Secretory IgA promotes gut fitness

Secretory Immunoglobulin A (SIgA) is the antibody produced within mucosal membranes and is the most abundant antibody type synthesized in our body. In the intestine, SIgA possesses two antithetic functions acting either in preventing or promoting bacterial colonization. When the intestine is attacked by an invasive bacterium, a strongly polarized SIgA response ensures clustering of the pathogen and clearance with the stools. Conversely, SIgA induced by gut commensal bacteria conditions the activity and contributes to the physiological function of the microbiota.

The Mucosal Immunology lab held by Fabio Grassi at IRB (Institute for Research in Biomedicine, affiliated with USI) has previously shown that adenosine triphosphate (ATP) released by the microbiota limits SIgA production.

In the present study, Lisa Perruzza and collaborators investigated whether abrogation of bacterial ATP affected SIgA repertoire structure and intestinal homeostasis. To this aim, the researcher treated mice with apyrase, an enzyme that transforms ATP in ADP/AMP. Apyrase treatment amplified the SIgA repertoire, thus influencing the topographical distribution of bacteria and consequently enhancing nutrient absorption by the intestinal epithelial cells.

It is known that the alteration of gut microbiota induced by antibiotics, called dysbiosis, provokes the impairment of intestinal barrier integrity and susceptibility to infection by pathogens. This study shows that apyrase-induced amplification of SIgA upon antibiotic treatment decreases dysbiosis and confers resistance to pathogens by promoting colonization of beneficial commensal bacteria.

Most experiments were performed at IRB with contributions by other Swiss and Italian research institutions as well as the University of Oslo. The research was funded by the Swiss National Science Foundation, the Swiss Cancer League, the Fondazione Ticinese per la Ricerca sul Cancro, the Fondazione San Salvatore and the Novartis Foundation for Medical-Biological Research.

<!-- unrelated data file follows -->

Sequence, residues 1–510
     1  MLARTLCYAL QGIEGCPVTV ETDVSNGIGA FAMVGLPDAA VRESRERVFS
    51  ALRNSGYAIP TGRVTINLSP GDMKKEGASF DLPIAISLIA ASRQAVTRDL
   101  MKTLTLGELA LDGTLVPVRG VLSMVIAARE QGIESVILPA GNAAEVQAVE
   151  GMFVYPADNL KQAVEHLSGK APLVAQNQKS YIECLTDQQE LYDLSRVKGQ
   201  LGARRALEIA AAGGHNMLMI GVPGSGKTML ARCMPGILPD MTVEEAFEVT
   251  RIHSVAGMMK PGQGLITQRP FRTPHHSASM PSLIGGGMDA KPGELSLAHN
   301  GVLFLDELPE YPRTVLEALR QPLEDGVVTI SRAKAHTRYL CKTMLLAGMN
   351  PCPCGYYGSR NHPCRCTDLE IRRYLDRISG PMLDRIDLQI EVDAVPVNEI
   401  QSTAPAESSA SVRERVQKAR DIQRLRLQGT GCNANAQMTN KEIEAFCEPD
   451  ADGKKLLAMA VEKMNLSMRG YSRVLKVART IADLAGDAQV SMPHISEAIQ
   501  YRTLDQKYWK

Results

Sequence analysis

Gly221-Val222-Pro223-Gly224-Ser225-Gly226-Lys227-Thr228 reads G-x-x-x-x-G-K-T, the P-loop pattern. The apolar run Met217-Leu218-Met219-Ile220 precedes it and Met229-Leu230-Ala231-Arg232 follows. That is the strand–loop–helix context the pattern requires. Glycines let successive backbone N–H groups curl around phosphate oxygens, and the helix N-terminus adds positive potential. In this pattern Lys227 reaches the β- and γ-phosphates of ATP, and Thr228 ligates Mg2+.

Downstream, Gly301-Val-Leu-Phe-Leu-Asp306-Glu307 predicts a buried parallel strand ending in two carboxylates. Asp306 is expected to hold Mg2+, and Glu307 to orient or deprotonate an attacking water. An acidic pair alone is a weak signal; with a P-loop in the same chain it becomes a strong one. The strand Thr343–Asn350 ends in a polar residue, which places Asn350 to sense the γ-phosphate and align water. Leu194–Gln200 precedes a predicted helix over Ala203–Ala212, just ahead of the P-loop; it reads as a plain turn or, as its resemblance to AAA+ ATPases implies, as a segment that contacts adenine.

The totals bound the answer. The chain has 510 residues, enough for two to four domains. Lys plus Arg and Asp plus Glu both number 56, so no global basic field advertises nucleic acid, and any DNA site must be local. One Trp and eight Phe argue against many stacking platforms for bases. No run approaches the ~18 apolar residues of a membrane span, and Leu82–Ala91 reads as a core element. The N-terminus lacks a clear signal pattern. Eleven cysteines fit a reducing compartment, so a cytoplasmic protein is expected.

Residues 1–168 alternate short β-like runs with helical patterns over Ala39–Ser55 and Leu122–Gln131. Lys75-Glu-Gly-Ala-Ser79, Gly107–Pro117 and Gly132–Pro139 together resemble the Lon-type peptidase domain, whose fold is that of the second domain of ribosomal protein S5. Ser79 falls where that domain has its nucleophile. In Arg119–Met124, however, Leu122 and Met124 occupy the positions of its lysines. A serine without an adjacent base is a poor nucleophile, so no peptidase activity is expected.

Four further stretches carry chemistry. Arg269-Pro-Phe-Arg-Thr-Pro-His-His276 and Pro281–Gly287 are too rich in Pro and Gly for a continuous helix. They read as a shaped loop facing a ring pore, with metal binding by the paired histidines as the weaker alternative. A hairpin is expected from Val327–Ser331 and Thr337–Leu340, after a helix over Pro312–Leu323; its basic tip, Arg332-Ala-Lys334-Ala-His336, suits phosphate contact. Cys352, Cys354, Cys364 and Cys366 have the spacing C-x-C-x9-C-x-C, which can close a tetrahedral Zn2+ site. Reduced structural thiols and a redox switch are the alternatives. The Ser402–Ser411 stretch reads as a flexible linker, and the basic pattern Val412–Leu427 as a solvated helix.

Picture: Two-photon microscopy of the interaction of green fluorescent gut bacterium Escherichia coli (E. coli) coated by normal (left) or apyrase-amplified (right) SIgA with proximal colon mucosa. The intestinal epithelial cells (IECs) are in blue and mucus in red. In the absence of apyrase treatment, E. coli is in closer proximity to the intestinal epithelium, thereby alerting the anti-bacterial response. In contrast, bacterial distancing by amplified SIgA privileged metabolic functions in the intestinal epithelium of apyrase treated animal.


Perruzza L, Strati F, Raneri M, Li H, Gargari G, Rezzonico-Jost T, Palatella M, Kwee I, Morone D, Seehusen F, Sonego P, Donati C, Franceschi P, Macpherson AJ, Guglielmetti S, Greiff V, Grassi F. Apyrase-mediated amplification of secretory IgA promotes intestinal homeostasis. Cell Rep. 2022 Jul 19;40(3):111112. doi: 10.1016/j.celrep.2022.111112. PMID: 35858559.